British caver discovers new cave in Gunung Mulu National Park

  • Nation
  • Sunday, 08 Nov 2015

A British explorer

KUCHING: Famed British subterranean explorer Andy Eavis named his discovery near Mulu the “Conviction Cave” for good reason – it has taken the caver 24 expeditions since 1977 to make the find.

And what a discovery it was. Estimated to be at least six million years old, early indications show that this cave could be one of the top 15 largest in the world.

Located 15km from Gunung Mulu National Park headquarters, the entrance to the cave is a hole in the ground – just large enough for a human – within an area called “The Hidden Valley”.

“He told us ‘We must go, it must be there’. Without conviction, we would have never found it,” said Ramli Ahmad, who was part of Eavis’s expedition team that discovered the cave on Oct 15.

“It’s a vertical shaft that goes down for 100m. Then, you crawl through a 1km passage, which slowly gets bigger before reaching the chamber.

“When we explored it, our footprints could have been the very first ones ever inside.”

Happy find: Adenan singing during Sarawak Forestry Corporation’s 12th anniversary celebration. He announced the cave’s discovery at the event.
Happy find: Adenan singing during Sarawak Forestry Corporation’s 12th anniversary celebration. He announced the cave’s discovery at the event.

The discovery was announced by Chief Minister Tan Sri Adenan Satem on Friday during Sarawak Forestry Corporation’s (SFC) 12th anniversary celebration here.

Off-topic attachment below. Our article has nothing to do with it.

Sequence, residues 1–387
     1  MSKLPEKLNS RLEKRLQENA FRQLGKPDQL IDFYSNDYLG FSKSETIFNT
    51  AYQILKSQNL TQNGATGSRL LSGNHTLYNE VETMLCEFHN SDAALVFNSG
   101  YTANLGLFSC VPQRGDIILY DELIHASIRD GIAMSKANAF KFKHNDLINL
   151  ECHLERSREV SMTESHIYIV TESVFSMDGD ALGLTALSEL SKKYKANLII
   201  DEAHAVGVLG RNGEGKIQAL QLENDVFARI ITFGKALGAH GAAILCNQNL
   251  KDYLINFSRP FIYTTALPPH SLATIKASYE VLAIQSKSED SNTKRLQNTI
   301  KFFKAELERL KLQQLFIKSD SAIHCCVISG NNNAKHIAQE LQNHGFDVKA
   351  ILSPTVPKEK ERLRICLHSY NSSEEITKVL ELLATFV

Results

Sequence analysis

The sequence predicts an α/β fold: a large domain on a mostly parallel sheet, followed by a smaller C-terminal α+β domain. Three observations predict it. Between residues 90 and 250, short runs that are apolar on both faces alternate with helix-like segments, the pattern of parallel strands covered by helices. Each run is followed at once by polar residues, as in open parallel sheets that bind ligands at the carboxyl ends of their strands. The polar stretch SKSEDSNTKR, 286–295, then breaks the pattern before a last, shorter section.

Adenan had told the audience that the state would either follow convention and name the cave after the discoverer or let 68-year-old Eavis choose the name.

“I have good news to tell you. We have discovered one more beautiful cave. I suspect more caves will be discovered. Within the Mulu system, there could be a nest of caves.

“Whenever they discover new (sources of) water, they see how it flows,” he had said.

SFC chief executive Wong Ting Chung called Conviction a “very significant scientific” discovery. Early reports and photographs of the surface formation indicate that the cave is “totally untouched”.

The state government’s “mission” now was to study the cave with international experts, said Wong.

“Down the vertical shaft, they could see clearly the different layers of limestones – possibly totally untouched for millions (of years). Every layer is a record of the history of the world,” he added.

Gunung Mulu National Park, which is already a Unesco World Heritage Site, is famous for its limestone formations. Features include enormous caves, vast cave networks, rock pinnacles, cliffs and gorges while Mount Mulu is a sandstone mountain rising up to 2,376m.

It is also the home to Sarawak Chamber, the the world’s largest, so big that it can fit 40 Boeing 747s wingtip to wingtip.

The nearby Deer Cave is one of the largest single cave passages in the world.

According to BBC, Eavis is said to have discovered more underground territory on Earth than anyone else alive. His other major explorations have been at Guilin, China.

Eavis could not be reached for comment.

Ramli said the Briton had left for more adventures in China.

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